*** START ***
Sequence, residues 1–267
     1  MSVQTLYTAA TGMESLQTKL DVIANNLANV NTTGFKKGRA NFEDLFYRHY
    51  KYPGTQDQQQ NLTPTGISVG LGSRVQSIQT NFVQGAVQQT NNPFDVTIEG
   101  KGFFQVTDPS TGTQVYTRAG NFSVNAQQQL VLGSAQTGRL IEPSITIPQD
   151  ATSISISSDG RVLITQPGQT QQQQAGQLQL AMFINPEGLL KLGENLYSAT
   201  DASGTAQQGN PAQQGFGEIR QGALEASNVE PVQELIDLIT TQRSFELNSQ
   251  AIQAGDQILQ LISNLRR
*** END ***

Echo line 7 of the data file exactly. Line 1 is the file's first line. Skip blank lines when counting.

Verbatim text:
   251  AIQAGDQILQ LISNLRR